With the sands of change shifting on a near-daily basis, insights from those on the frontline are increasingly important. With that in mind, we sought out InstaReM’s CEO Prajit Nanu for his views on everything from cross-border payments, PSD2 and the need for collaboration…
1. What is the biggest disrupter you’ve seen in the payments industry?
Technology has revolutionised the payment industry, with fintech-powered solutions being the biggest disruptors and both businesses and consumers are benefitting. Cross-border payments – subject to delays and unfair costs for decades – have been disrupted by digital providers making the experience more accessible to people living in developing countries.
Not only are payments now getting fairer, they are also becoming faster, which is a great merit to a stronger commerce and payments ecosystems, apart from the individuals depending on remittances from overseas. For many recipients around the globe, each additional dollar received in remittances could mean a better healthcare or better education. I think the disruption in the cross-border movement of money is one of the most significant disruption in the payments industry that is having a profound impact on over two hundred million migrants and consumers across the globe.
Cross-border payments – subject to delays and unfair costs for decades – have been disrupted by digital providers making the experience more accessible to people living in developing countries.
2. Where are banks failing in attempts to collaborate?
I believe banks are willing to partner and collaborate with fintech companies and while announcements are being made, there are still some barriers preventing further collaborations. Collaborating with fintech means moving out of their comfort zone and undoing and unlearning a legacy of decades, which is not easy. Resources or lack of them are also proving to be difficult for banks with many wanting to partner with digital solutions, but not having a full-time team to dedicate to the partnership projects.
Most banks we work with in Asia and Europe are cognisant of the potential benefits of the Banks-Fintech collaboration and are more open to partner with innovative fintech companies. In the long-run, I think, the banks that collaborate and work closely with innovative fintech companies, will emerge as winners.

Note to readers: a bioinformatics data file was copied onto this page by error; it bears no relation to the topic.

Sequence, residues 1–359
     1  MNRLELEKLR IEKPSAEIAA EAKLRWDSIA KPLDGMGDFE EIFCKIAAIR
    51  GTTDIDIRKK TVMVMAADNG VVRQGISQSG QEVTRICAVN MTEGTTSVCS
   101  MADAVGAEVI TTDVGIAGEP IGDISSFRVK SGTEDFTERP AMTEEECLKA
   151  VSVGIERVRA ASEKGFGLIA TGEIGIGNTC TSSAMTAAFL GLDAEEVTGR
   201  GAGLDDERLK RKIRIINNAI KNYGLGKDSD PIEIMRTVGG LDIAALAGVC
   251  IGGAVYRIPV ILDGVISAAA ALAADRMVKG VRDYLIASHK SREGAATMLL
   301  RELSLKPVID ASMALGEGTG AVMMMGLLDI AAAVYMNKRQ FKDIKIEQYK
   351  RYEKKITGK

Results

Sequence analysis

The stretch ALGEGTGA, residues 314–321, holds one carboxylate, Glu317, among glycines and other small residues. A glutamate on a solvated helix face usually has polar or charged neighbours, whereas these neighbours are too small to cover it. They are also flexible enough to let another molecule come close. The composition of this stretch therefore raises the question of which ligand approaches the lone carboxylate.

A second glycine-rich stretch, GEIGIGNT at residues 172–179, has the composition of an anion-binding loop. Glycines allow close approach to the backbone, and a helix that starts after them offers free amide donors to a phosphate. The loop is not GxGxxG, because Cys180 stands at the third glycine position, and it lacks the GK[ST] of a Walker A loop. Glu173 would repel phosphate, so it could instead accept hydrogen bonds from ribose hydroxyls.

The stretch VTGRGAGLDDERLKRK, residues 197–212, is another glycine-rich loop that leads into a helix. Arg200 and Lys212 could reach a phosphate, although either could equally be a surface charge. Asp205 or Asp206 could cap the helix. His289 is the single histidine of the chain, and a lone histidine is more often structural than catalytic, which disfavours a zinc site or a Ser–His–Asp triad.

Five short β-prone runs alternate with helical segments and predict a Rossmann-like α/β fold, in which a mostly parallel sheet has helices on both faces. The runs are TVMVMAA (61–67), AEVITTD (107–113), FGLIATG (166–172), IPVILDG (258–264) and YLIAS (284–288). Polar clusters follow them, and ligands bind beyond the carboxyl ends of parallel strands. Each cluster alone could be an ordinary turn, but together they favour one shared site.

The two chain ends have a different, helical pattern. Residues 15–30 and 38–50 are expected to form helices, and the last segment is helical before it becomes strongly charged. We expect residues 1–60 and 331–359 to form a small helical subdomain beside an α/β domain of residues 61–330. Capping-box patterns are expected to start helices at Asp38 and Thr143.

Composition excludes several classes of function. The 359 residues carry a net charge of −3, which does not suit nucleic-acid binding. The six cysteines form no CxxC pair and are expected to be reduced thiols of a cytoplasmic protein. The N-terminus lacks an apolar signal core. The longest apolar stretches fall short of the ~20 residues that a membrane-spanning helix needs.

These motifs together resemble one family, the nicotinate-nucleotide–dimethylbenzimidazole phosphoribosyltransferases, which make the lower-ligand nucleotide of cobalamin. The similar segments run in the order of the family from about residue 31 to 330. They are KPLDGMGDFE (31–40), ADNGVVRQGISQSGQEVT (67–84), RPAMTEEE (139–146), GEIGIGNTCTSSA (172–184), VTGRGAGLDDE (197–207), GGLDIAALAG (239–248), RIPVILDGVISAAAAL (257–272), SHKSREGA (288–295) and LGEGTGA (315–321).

3. What do fintechs need to do to become better collaborators?
To begin with, fintech businesses need to ensure that they have similar principles as banks. Pillars, such as people, finance or business characteristics have to match. It’s also imperative for fintech companies to communicate how partnering with them can add value to banks and their customers. Fintechs must consider the banks as their partners and not competitors to develop trust and confidence. Finance is a complex ecosystem -fintechs need to get their message out there of how collaborating with them can better serve customers.
Collaborating with fintech means moving out of their comfort zone and undoing and unlearning a legacy of decades
4. How is the collaboration model changing the way fintechs and banks compete?
The collaboration model is challenging both services to do better, but also providing the opportunity to improve in areas of weakness and learn. For example, fintech are using banks’ customer service standard to improve services, whilst banks are benefiting from the digitalisation and pace of fintech services. The winner of the bank-fintech collaboration are the consumers.
5. How will PSD2 change the game for banks?
It’s become fashionable to bash PSD2, but it has fostered innovation and genuine collaboration between established businesses and startups in the finance space. We strongly believe that PSD2 will increase the quality of service provided to customers and offer transparency. Essentially, customers will have the opportunity to choose services that cater to their individual needs. The regulation also makes it easier for banks and fintechs to work with each other and use greater resources.